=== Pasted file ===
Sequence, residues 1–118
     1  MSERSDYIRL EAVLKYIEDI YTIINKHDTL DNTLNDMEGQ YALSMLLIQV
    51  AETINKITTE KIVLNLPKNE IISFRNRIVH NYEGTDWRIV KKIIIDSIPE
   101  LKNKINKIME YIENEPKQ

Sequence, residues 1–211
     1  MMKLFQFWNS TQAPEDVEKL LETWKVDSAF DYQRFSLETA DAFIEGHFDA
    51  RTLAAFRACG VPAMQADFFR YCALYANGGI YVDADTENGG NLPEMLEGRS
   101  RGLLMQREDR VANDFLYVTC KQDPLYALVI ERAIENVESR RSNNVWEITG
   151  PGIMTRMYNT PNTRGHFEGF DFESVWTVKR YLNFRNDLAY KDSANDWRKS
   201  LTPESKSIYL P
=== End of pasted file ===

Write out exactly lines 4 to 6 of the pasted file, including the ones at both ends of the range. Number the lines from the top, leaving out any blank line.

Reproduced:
   101  LKNKINKIME YIENEPKQ

Sequence, residues 1–211
     1  MMKLFQFWNS TQAPEDVEKL LETWKVDSAF DYQRFSLETA DAFIEGHFDA